Keeping aware of where that Warlock is so you can line of sight a key fear is the sign of a good healer versus a bad one. If you see an enemy Druid getting focus fired, and he goes Bear; stay out of line of sight! This can severely cripple the Druid’s ability to get away from everyone by Feral Charging you.
If you see a Paladin or Priest trying to get close to you, run away! A lot of the time, they’re trying to get in that HoJ or Psychic Scream that will put a severe dent in your capabilities to do things. Keeping aware of your environment while healing ultimately leads to an increased capability of healing as well.
Furthermore, by keeping tabs on where your players are, and keeping communication lines open, you can create advantageous scenarios by positioning yourself in key protected areas where you can predict your players to be, and then get off heals. Finally, it prevents you from getting LOSed by your own team when they panic and try to run away.

3.) Keep everyone topped off, or as high as possible.
Only in very specific battles is mana efficiency valued at even near your capability of keeping an individual alive. Thus, while I’m sure it does pay to be as mana efficient as possible, do not make it your priority. Your priority should be always trying to keep your teammate(s) out of burst HP levels. That is to say, out of the level in which a team can consistently ‘burst’ your player down via a full out CD spam, or even a Mage pet nova, frostbolt, ice lance vomno. The logic stems from the fact that having no mana is better than having nobody alive. At least, last I checked.

Top 3 PVP Rules as a DPSer:

1.) Don’t be fancy!
This comes a second time around for the arena DPSer by the simple that some individuals tend to get carried away trying to create some kind of insane vanish immune cheapshot full-parry-chun-li-special type of thing. If you don’t think you can do it, and in attempting to do it, you mess up your chances at bursting someone down, don’t do it.

2.) Control is often greater than DPS!
This is always and constantly true. As, say, a Warlock, you may feel completely inclined to set up your full UA dot cycle on everyone within your grasp, but if this means that the Mage can’t sheep anything, you have to ask yourself; should I really be UAing the Pally?
The answer is no, so stop fucking doing it.

3.) Trust your healers!
As a DPS, you may find that when you get to a scary low digit of health, you’ll panic and turn Sword+Shield Defensive tanking (thus losing your team MS), burn a talent to get the heck out of there, or quite simply, run.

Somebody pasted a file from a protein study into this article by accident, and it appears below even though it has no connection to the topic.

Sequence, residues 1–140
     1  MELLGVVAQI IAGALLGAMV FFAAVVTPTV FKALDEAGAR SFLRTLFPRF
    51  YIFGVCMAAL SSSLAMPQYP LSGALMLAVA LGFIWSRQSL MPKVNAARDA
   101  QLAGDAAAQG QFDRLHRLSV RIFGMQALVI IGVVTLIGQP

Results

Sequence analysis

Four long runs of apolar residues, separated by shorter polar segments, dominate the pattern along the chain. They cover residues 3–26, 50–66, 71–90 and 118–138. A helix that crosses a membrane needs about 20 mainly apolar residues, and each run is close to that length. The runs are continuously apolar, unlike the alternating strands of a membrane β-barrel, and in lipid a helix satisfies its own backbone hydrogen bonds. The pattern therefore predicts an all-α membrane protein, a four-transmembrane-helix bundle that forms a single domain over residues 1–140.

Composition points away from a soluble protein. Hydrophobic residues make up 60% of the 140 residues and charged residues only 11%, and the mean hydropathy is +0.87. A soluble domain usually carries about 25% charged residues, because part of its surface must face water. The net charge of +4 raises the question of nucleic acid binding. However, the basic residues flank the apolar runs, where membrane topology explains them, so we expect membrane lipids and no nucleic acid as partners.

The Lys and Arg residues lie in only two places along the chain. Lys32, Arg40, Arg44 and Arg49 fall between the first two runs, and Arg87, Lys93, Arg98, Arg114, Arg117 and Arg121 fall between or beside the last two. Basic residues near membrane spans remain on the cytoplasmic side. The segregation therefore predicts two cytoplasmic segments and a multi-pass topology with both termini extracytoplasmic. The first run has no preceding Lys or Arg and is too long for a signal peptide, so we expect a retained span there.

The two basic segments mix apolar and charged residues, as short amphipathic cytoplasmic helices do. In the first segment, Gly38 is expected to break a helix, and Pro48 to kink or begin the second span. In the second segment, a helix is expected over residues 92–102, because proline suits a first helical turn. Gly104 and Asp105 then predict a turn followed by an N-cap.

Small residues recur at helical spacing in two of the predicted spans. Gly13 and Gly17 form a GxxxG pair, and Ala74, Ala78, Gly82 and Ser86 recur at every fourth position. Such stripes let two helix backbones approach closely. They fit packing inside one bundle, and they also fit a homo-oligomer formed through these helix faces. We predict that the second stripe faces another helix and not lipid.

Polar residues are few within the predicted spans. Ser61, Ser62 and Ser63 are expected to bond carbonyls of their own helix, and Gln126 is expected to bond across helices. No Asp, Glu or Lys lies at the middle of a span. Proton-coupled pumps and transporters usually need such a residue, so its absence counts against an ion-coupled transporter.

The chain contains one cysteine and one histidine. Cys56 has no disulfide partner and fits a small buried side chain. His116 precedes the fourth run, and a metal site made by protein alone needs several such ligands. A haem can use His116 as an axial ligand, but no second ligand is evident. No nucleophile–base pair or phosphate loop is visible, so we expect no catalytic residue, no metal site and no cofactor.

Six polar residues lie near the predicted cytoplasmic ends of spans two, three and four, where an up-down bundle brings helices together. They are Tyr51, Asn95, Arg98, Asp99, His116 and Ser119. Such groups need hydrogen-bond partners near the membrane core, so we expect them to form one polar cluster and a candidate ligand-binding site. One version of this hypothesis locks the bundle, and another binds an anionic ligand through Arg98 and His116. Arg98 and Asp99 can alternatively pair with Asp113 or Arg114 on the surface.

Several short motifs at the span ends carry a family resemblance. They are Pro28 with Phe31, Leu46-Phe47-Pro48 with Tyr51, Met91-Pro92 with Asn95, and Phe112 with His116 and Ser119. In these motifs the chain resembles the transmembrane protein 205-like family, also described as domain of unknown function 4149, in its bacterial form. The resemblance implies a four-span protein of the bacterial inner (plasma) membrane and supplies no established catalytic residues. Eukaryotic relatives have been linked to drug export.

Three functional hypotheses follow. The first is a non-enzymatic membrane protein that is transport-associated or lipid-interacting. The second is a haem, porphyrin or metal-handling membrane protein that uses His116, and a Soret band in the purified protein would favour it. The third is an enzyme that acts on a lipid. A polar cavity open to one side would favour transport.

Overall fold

Don’t do it! Keep your healers in consistent line of sight, and always trust that they’ll let you know when they can’t heal you, or when they’re controlled, or when you’re out of line of sight. Arena is a team game, so always trust that your teammates will support you! This in turn will give you greater confidence in pulling off your bursts, because you won’t suddenly find MS missing on the target because your Warrior is hiding behind a pole, spell reflecting moonfires with his sword and shield.

Healing a Raid: A Priestly Perspective

To end off the week, I will help all of you budding raiding priests who have never joined any groups larger then 10 (AV an exception). Yeah, you the one who has never once set foot inside MC or BWL or Naxx or Zul’Gurub or any of those old fun instances that we used to do before. By the end of this column, my hope is that you will be able to excel and surpass the expectations of your raid leader.

I wont touch on the spells specifically and what they can do. You leveled from 1 to 70 on your own. If you don’t know the capabilities of the tools at your disposal, then you have no business playing a Priest. But I will guide you on when you should use them.

Your raid makeup could consist of a variety of different healer classes. More often then not, you as a priest would make up several of those slots. Let’s now for the sake of argument pretend that you’ve been assigned the dreaded task of maintaining te health of your raid as opposed to healing a single person. It’s such a daunting task healing 4 other players in a party. Now you’re responsible for 24 others. What do I do?

Let’s check out the toolkit. There’s a reason why Blizzard gave us to much stuff to work with.

Renew: Cast this on targets that have taken hits but are not expected to take damage again. Examples would include mages, hunters, or other ranged DPS (maybe rogues). It’s a relatively cheap heal over time spell where you don’t need to tie up your 1.5s cast time or our 2.5s cast time. But don’t forget to stack these up with Renews from other priests. Our main tank sometimes has up to Renews on him at any given time.

Flash Heal: I tend to downrank my heals a little bit here for two reasons: 1) Reduces mana cost 2) Less overhealing done. I’ll use a flash heal between ranks 4 – 6 depending on the situation at hand. In some cases, I will use a max rank flash heal just because tanks are taking so much damage that my heals are only maintaining his health instead of restoring it up. Used mainly on players taking damage frequently such as the main tank or in an emergency.

Greater Heal: The big brother of Flash heal. This one I keep max ranked. You don’t have to. Its entirely up to you and your playing style. Drop these ones on your main tank or your assigned healing target.